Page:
I agree with a lot of what as been said and written here, the choices in front of us arent many, and we are at fault for a lot of that lack of choice, but we must not let those who have died do so in vain, a solution must be found, and must be prosecuted with the same vigour an determination already shown by our troops on the ground. And everyone must pull their weight…

  5. There is nothing in Afghanistan worth fighting for. The average Afghan doesn’t want Western forces in their country and certainly doesn’t want the country turned into a Democracy along Western lines.
    Too many of the bravest and brightest of our troops are paying for our leaders indecission and political correctness with their lives or their health ( amongst the only people doing well out of this war are the makers of prosthetic limbs).
    Pull our troops out and make it clear that any threat to Western interests sponsored or launched by elements based within Afghanistans borders will result in swift, decisive and effective reprisals. If they want medieval, let them have it AND keep it within their own borders.

  6. The same people saying leave them all with their @$%&* mediaval state, the same explain (before or after) that usa have to blast or even nuke rogue states.
    You know in europe we don’t have this problem because we lost our power after the two world wars and the failled decolonisation. So we know the errors we have done. And so today we think.
    So usa should think about the world and think about his way of life.
    Sutherland searchs a positive solution for both, so you gat more questions after than before read. On the oposite Peters seems to have responses for all and a strong point of view, he is sure of what he think.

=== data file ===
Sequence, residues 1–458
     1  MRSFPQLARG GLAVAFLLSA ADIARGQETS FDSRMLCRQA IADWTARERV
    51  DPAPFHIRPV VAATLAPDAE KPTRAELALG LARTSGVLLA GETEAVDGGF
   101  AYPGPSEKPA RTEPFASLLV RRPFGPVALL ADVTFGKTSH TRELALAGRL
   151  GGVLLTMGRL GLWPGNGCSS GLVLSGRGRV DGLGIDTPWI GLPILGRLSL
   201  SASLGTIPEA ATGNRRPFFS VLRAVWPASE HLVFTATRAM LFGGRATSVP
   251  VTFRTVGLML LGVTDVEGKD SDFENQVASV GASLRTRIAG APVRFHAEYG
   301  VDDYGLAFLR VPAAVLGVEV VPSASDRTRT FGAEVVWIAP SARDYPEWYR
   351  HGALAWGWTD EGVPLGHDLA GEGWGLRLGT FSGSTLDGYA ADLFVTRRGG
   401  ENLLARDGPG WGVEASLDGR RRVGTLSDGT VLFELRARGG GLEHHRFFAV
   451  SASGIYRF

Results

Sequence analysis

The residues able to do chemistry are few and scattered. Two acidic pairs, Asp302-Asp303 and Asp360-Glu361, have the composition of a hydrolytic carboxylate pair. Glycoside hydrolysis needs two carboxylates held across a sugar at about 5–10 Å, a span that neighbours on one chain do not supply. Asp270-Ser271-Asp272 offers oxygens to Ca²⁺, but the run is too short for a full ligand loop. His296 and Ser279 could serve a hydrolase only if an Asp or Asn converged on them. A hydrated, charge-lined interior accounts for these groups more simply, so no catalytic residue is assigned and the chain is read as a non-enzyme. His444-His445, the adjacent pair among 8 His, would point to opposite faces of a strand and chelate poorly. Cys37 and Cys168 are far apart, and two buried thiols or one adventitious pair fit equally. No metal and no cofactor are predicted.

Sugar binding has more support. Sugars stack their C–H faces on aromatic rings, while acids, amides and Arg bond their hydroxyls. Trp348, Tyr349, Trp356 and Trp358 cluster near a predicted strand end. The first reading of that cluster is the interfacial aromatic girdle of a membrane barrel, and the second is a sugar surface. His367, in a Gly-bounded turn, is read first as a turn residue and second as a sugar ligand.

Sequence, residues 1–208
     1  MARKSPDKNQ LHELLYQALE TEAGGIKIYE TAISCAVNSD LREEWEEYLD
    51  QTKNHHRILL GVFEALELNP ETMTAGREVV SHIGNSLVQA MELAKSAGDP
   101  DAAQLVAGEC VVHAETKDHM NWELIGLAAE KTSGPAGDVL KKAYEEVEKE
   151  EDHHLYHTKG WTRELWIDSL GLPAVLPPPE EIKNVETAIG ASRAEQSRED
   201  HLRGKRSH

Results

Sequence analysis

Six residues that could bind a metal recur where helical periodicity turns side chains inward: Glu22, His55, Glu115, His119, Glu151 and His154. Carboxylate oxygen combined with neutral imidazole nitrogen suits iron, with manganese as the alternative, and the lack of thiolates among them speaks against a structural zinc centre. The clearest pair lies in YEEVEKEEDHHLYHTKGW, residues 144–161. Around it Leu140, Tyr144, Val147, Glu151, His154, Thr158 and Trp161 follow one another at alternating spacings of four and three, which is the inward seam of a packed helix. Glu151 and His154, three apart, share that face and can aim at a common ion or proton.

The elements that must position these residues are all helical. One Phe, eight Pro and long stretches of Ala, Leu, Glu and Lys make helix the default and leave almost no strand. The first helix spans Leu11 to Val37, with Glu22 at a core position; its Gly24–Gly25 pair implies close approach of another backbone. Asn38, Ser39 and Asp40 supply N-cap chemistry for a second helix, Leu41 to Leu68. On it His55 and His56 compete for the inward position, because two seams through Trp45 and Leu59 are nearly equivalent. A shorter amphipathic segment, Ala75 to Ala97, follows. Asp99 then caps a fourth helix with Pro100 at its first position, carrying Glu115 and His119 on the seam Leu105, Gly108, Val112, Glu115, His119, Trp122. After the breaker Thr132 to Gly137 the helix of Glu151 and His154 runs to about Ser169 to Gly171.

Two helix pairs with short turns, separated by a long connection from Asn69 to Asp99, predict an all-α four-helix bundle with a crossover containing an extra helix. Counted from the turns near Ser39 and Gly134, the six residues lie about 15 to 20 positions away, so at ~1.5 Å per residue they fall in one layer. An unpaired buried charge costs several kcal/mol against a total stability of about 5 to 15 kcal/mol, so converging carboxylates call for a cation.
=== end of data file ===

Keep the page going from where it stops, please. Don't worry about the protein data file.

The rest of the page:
So at the crossroad i could say there is an easy way, simple ; But everyone here knows that the way to the truth is hard, with lot of questions to be answered humbly.

  7. As European citizen, I’am sure that NATO troops have to leave Afghanistan . For 7 years, money was given to corrupted president and ministers. The building ou re-buildind of roads, hospitals, schools, water and electricity networks is not realized.
    Think over : by killing some hundred talibans, is that policy a warranty to eliminate social, economic, and cultural reasons giving terrorism ? Remember that most of “kamikaze” are recruited among the poorest and more desperate people.

    Just an aknowledgement : Do you no that afghani governement (ministers and people around them) is the most important producer of heroin in the world ? Could they be supported by Western countries ?

  8. and do you know there are more heroin addicted in pakistan and iran than in europe? Things are not complex but they are stratified, so we’ve gat to think.

  9. Growing up during Vietnam and barely missing the draft for that war, I can say that it is an exercise in futility to “Nation Build” corrupt governments that the indigenous people do not support. I can also say that a democratic republic does not always work well in third world countries. Afghanistan is a tribal patchwork of communities with a few larger cities. Instead of pushing a democracy, it would be better to construct a government with the local tribal leaders and war lords in on the power sharing. The King’s Peace would be imposed upon the country, but the Government should not be corrupt and provide law and security. Those that wish to favor the Taliban should be treated as Sherman treated Georgia during our Civil War, they should feel the hard hand of war. I think we need to have a Norman Medievial mentality in dealing with Afghanistan.

  10. Afganistan is a very complicated area of the world. Those who have ventured into this country who did not study the past history of the would be invaders of the past who tried to set their forms of government and ways on these peoples did not profit from wisdom. The very tribal nature, the terrain, economy and the culture of this country bears great military, political and culture history and planing. We did none of the above as well as we should have done. It would take a utterly ruthless and devastating form of warfare to get the people so beat down that they would almost have to be destroyed before you could raise them into the modern world. We need to go back to the drawing board on this one.